2. Become either a foreign service officer (for USAID), public health official, midwife, or a mix of the three and help my nation and the world in my own fashion.

3. Play in a band and enjoy making music with some mad chill people, regardless of whether or not fame or fortune comes along (and I pray it does not).

4. Own a bar called Doubting Tom's and have it be more like a coffee shop with a liquor license. Drinks would be served after five and it would be a place of the arts and of intellectual discourse. Though we would serve alcohol, it's not a place to get rowdy and if you do, you will be asked to leave the premises. This is a place of class, culture, discussion, and only the very best of drinks.

5. Own a motorcycle. It's more fuel efficient anyway.

6. Get tattoos. These have changed. I want a red fleur-de-lis on the inside of my right wrist. Fleur-de-lys are the symbol of Joan of Arc (my Confirmation patron) and it's French for "flower of life" (for my vivacity). Red ones symbolize Florence and Scotland, two places I claim ancestry (thus a symbol of my "Gaelic and Garlic" ancestry). On my left wrist, I want a circlet of flames. For I believe it is Heaven, not Hell that is hot (and in Inferno, Satan was placed in ice, not fire), since love is hot. I want it on my left, because it was long believed that those veins were the ones that flowed directly into the heart. I never want to lose the fire I hold for the things I believe in and hold dearly, thus that symbolism and reminder.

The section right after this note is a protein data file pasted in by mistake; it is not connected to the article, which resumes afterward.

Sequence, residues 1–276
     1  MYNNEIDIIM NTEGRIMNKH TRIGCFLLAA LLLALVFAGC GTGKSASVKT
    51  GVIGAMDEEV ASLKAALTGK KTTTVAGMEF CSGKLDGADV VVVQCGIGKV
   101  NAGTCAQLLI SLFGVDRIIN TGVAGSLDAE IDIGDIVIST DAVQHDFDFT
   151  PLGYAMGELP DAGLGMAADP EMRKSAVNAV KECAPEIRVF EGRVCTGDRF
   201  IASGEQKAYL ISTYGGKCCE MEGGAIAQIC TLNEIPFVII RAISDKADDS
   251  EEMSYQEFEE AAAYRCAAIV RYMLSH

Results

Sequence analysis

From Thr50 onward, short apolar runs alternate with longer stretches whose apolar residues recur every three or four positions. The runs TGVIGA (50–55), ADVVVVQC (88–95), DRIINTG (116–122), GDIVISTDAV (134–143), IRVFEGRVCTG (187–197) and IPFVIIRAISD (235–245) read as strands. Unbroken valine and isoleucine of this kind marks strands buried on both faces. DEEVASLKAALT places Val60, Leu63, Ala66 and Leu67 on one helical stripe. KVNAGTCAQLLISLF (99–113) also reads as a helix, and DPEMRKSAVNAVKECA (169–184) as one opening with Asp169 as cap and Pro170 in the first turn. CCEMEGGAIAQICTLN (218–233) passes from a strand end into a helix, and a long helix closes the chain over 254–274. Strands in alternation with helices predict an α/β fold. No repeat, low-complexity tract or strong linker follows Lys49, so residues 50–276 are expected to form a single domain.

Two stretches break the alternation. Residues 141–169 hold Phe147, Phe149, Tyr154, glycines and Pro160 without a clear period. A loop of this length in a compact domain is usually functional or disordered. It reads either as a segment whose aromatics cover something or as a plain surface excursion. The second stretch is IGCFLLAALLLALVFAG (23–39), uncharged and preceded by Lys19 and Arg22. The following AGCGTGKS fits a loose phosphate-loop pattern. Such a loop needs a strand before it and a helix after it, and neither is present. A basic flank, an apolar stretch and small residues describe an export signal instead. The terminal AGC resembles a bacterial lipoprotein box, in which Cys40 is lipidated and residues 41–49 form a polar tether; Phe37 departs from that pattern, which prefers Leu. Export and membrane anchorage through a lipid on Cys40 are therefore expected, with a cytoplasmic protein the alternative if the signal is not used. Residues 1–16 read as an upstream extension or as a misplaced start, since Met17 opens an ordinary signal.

7. Fall in love with someone amazing, marry them, and have a couple kids. This one, while seemingly ordinary, is truly extraordinary. I believe it's a priviledge to be able to take part in the amazing love and creative force of humanity's being. I hope it is one that I am priviledged to enjoy.

8. Live in Italy for a year or two and really learn the language and culture.

9. Read Dante's The Divine Comedy in the original Italian it was written in.

10. Train for a marathon in Kenya.

11. Become fluent in as many languages as possible.

12. Run a non-profit.

13.Really learn what Mother Teresa meant by "loving till it hurts."

14. Write a song and perform it in public.

15. Write a book.

16. Take a pilgrimage to Fátima, Jerusalem, and Assisi.

17. Go to Spain, to Valencia, and perfect my paella.

18. Live in a developing country.

19. Never stop fighting.

20. Never stop loving.

Friday, June 5, 2009

Life of Service